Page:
• Alboni S
      • Cervia D
      • Ross B
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      • Marcondes MC
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      Mapping of the full length and the truncated interleukin-18 receptor alpha in the mouse brain.
      ,
      • Liu S
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      IL-18 Contributes to Bone Cancer Pain by Regulating Glia Cells and Neuron Interaction.
      ,
      • Yang Y
      • Li H
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      Delayed activation of spinal microglia contributes to the maintenance of bone cancer pain in female Wistar rats via P2X7 receptor and IL-18.
      .Consistent with previous studies, IL-18 was exclusively expressed in the spinal microglia, co-localized primarily with P2Y12, p-SFK, and p-p38. In addition, IL-18R was mainly distributed in the spinal neurons and astrocytes. The data yielded from the RT-qPCR and western blotting analyses showed that spinal blockade of P2Y12, SFK, or p38 could markedly suppress the cisplatin-induced mRNA and protein expression of IL-18 in cisplatin-treated rats. I.t. injection of IL-18 BP or IL-18 neutralizing monoclonal antibodies could significantly alleviate cisplatin-induced pain hypersensitivity. These findings suggest that microglial P2Y12 signaling mediates IL-18 production via activation of the SFK/p38 pathway in the spinal cord.
      At signaling levels (Fig. 8), we found that P2Y12 signaling facilitates the production of proinflammatory cytokine IL-18 via the SFK and p38 pathways in the spinal microglia. IL-18 further induced the activation of the NMDA receptors and Ca2+-dependent signals on neurons. Stimulation of NMDA receptor in spinal cord is mainly involved in the generation and maintenance of persistent pain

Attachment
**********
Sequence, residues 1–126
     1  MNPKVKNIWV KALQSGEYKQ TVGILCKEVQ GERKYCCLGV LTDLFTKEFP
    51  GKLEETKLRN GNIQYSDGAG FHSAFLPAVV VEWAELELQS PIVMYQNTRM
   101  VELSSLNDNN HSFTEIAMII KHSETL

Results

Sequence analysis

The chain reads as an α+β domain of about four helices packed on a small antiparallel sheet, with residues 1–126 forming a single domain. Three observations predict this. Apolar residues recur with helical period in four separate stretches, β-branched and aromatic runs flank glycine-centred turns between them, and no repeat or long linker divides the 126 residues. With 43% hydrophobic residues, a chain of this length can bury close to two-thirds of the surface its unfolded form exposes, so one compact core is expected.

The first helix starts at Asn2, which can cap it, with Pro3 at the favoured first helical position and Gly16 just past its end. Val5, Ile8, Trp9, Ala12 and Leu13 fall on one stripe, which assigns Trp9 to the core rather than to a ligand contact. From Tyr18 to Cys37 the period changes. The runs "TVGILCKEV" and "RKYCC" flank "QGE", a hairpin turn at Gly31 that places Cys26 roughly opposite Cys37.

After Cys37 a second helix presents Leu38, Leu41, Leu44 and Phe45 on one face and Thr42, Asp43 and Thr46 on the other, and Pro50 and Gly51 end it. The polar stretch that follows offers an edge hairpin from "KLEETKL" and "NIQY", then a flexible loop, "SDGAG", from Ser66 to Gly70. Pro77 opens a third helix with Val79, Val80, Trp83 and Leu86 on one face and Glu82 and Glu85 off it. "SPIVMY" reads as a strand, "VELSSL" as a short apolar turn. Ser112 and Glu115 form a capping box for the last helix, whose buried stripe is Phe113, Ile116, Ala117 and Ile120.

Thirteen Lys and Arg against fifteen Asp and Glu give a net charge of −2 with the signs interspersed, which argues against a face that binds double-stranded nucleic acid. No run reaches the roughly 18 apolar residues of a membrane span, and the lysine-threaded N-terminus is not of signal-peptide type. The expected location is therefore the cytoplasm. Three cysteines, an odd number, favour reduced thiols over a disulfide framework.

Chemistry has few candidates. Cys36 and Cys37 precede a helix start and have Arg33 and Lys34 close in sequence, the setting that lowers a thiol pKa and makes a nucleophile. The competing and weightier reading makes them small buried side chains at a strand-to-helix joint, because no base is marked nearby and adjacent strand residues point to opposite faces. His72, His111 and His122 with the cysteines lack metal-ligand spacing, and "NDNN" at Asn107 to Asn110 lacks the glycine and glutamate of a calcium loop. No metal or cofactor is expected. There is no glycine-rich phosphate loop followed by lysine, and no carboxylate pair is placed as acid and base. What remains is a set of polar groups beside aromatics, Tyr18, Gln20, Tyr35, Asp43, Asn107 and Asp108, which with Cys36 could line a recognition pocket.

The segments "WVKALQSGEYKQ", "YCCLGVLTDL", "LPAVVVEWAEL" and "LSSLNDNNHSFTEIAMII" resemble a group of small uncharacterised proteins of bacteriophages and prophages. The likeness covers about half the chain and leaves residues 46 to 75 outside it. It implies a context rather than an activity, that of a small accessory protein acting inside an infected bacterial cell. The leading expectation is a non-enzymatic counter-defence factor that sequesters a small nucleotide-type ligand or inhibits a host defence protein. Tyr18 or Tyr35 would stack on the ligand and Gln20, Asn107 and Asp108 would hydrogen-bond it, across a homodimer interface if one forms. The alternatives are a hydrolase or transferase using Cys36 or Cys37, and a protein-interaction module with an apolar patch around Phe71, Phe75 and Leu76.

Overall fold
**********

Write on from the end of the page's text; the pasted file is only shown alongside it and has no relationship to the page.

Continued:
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      ,
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      . Recent reports suggest that IL-18 released from microglia may enhance NMDA receptor phosphorylation and that intracellular calcium release mediated by NMDA receptor occurs in sensory neurons
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      ,
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      Delayed activation of spinal microglia contributes to the maintenance of bone cancer pain in female Wistar rats via P2X7 receptor and IL-18.
      . Therefore, we further focused on the effect of the P2Y12/IL-18 signaling pathway on the stimulation of NMDA receptors, and the downstream Ca2+-dependent signals in the spinal cord following cisplatin treatment. Western blotting analysis revealed that spinal blockade of P2Y12 or IL-18 markedly suppressed the cisplatin-induced protein expression of p-NR2B, p-CaMKII, p-ERK1/2 and p-CREB in cisplatin-treated rats. Furthermore, recent reports have shown that spinal administration of IL-18 significantly not only elicited mechanically evoked responses of spinal WDR neurons in vivo but also increased the frequency of mEPSCs in spinal IIo neurons